Budget policies 2011 2012


Board of SupervisorsBoard of Supervisors

Napa Mustard

Board of Supervisors Budget policies - FY2011-2012

Excerpted from CEO Nancy Watt's transmittal letter in the Budget:

"... in January of this year, your Board adopted a set of Budget Policies to guide staff in preparing the FY2011/12 Budget. Given the lingering effects of the national and local economic downturns, state fiscal problems and the projected structural imbalance in the General Fund, but recognizing that the County currently has substantial General Fund reserves, the Budget Policies generally call for holding the line on spending and utilizing the Board’s approved Fiscal Contingency Plan to structure the County’s response to fiscal difficulties. Key provisions of the Budget Policies include:

  • For General Fund departments and programs (except Health & Human Services), prepare budgets with a goal of holding Net County Cost to the current budget level, with exceptions being considered on a case-by-case basis. For non-General Fund departments and Health & Human Services, prepare budgets with a goal of holding the General Fund Contribution to the current budget level.
  • Do not propose new or enhanced programs or positions unless those programs are fully funded by a grant or other dedicated revenue source or they involve the reallocation of General Fund resources to fund critical accountability, regulatory compliance or public health and safety needs.
  • Pursue new revenues to the fullest extent possible for all services, as well as total cost identification for fee-setting purposes.
  • Except where the Board has previously made a decision to earmark revenues for a particular purpose, wherever legally possible revenues are to be treated as discretionary revenues, rather than dedicated to a particular program or purpose.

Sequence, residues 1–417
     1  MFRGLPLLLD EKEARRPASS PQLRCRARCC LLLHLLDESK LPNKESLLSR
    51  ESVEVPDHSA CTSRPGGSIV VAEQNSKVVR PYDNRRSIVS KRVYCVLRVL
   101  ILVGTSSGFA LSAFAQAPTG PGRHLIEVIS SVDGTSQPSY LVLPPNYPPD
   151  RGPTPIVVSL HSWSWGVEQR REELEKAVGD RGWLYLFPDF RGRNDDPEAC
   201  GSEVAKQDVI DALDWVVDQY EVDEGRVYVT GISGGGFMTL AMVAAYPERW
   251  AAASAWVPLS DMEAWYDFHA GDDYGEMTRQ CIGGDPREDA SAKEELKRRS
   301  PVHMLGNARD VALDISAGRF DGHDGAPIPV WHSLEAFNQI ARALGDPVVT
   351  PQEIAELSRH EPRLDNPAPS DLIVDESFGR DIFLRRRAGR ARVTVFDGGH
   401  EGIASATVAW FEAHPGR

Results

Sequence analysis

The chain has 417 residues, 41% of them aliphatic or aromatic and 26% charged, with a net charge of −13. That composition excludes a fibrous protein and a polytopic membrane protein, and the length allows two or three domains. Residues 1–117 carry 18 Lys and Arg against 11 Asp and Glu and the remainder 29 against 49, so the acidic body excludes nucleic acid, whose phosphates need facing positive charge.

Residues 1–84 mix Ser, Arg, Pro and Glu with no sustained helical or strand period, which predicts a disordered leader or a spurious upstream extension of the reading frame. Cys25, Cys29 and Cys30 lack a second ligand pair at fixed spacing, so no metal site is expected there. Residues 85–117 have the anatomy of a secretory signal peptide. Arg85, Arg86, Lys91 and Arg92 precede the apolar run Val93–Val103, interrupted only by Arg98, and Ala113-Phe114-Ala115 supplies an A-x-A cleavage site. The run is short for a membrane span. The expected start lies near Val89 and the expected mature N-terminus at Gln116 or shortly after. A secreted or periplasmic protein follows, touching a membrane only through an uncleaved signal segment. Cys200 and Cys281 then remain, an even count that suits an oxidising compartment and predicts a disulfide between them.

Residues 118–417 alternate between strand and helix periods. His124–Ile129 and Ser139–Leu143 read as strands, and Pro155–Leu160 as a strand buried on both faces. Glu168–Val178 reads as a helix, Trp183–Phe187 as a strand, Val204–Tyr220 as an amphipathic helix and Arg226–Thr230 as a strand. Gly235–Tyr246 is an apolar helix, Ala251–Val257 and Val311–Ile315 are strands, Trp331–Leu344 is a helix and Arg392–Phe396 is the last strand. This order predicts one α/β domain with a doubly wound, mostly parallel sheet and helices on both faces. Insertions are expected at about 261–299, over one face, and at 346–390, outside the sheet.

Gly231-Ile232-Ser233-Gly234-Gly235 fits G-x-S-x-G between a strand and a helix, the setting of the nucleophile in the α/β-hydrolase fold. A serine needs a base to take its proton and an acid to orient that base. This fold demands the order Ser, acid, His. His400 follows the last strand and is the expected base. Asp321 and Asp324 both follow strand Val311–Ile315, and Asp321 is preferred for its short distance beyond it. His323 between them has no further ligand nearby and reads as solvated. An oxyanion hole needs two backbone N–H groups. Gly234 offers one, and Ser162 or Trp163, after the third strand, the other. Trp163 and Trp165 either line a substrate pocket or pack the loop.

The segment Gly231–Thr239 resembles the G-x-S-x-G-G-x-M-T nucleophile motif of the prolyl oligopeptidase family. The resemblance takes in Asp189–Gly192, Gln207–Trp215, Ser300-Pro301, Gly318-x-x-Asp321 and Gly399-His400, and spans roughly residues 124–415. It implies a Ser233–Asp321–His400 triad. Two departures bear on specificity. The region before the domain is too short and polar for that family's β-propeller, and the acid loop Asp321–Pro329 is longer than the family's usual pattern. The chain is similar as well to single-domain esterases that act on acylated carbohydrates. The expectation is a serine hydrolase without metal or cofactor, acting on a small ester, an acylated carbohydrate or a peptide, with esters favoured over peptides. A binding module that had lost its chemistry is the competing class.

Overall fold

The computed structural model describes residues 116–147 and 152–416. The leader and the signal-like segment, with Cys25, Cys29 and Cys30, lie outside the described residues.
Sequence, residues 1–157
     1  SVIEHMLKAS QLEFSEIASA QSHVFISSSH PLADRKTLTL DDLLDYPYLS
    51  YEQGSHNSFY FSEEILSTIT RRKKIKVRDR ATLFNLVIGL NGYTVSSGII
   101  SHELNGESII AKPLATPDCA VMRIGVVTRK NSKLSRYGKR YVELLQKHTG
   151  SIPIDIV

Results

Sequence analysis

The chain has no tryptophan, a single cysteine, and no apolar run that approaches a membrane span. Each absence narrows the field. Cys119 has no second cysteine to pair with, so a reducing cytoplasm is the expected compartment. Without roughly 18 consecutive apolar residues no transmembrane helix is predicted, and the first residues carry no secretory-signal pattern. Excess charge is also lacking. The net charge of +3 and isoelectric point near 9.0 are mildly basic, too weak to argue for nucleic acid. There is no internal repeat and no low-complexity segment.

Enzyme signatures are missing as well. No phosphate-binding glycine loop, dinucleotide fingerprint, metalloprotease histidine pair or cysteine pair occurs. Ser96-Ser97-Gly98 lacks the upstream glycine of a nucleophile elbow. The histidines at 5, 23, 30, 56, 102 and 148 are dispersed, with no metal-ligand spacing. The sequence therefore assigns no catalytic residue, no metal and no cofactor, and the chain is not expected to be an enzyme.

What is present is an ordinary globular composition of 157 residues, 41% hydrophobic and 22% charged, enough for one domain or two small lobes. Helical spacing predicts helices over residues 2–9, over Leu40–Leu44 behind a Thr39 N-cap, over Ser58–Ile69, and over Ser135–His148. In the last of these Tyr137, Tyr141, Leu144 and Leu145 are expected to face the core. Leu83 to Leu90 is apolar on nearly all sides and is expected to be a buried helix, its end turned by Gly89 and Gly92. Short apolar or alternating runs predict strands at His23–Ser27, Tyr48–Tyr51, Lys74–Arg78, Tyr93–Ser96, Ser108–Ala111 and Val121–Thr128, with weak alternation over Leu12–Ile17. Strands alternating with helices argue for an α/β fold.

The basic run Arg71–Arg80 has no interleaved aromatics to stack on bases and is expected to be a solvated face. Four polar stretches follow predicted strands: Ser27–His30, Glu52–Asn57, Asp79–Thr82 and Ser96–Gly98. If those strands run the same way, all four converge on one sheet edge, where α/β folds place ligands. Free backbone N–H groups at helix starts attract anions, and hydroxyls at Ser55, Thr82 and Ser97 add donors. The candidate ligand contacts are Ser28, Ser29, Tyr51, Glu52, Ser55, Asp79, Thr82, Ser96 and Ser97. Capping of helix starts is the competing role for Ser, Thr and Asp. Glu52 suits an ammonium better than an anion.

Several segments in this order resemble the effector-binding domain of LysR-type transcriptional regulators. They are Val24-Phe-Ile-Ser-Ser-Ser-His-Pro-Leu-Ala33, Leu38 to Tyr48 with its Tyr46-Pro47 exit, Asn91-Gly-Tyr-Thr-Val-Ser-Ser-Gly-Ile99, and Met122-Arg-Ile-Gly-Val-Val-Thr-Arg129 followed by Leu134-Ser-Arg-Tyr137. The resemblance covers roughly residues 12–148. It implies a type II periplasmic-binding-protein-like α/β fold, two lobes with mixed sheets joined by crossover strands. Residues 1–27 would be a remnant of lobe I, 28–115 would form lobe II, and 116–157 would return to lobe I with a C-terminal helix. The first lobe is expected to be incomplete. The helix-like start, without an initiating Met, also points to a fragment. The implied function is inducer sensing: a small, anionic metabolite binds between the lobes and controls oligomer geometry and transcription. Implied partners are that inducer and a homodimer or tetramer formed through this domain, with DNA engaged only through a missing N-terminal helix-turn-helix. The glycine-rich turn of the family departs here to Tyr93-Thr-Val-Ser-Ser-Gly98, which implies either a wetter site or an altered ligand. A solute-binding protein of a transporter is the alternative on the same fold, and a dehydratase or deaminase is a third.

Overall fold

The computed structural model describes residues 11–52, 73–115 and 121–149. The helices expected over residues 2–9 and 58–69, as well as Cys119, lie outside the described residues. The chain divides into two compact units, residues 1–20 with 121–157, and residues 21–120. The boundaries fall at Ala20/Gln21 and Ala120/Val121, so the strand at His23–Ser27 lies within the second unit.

• If funding is reduced, there should be no increased County share for programs funded primarily from non-General Fund sources, unless increased County share is legally mandated or the Board has previously determined that the program is a high priority.
  • For budget units with 20 or more allocated positions, budgets should be reduced to reflect historic salary savings.
  • Continue to fund the County’s Other Post-Employment Benefits (OPEB) unfunded liability on a 20-year amortization schedule, and allocate the relevant cost to County departments.
  • Financial conditions permitting, transfer General Fund resources to the Special Projects Fund in an amount equal to 12.5% of the prior calendar year’s actual Transient Occupancy Tax (TOT) revenue received by the County.
  • Place a minimum of 3% of the General Fund’s appropriations into an Operating Contingency and work toward a goal of having General Reserves equal to approximately 10% of General Fund appropriations, not including the appropriation for Contingency and any budgeted transfer to the Accumulated Capital Outlay (ACO) Fund. General Reserves are to be maintained at this level at all times, except in the case of a dire fiscal emergency. If necessary to balance the General Fund budget, cancel designations in an amount not to exceed $2 million plus the amount of the General Fund Operating Contingency.
  • After covering current year operating and capital costs and meeting General Fund Contingency and Reserve requirements, place any remaining resources in a designation for fiscal uncertainties until General Reserves and unrestricted designations equal 20% of General Fund appropriations (not including the appropriation for Contingency and any transfer to the ACO Fund). Once General Reserves and unrestricted designations equal 20% of General Fund appropriations, transfer any remaining unappropriated discretionary resources to the ACO Fund. These funds will be accumulated and used to help cover the cost of needed major capital
  • improvements. Utilize the Board’s approved Fiscal Contingency Plan to structure additional recommendations that may be needed to address exigent fiscal difficulties.
  • Include quantitative performance measures in the Recommended Budget, including, where possible, “benchmark” data from other jurisdictions. The Budget should also include narrative information that describes the “story behind” the performance measures.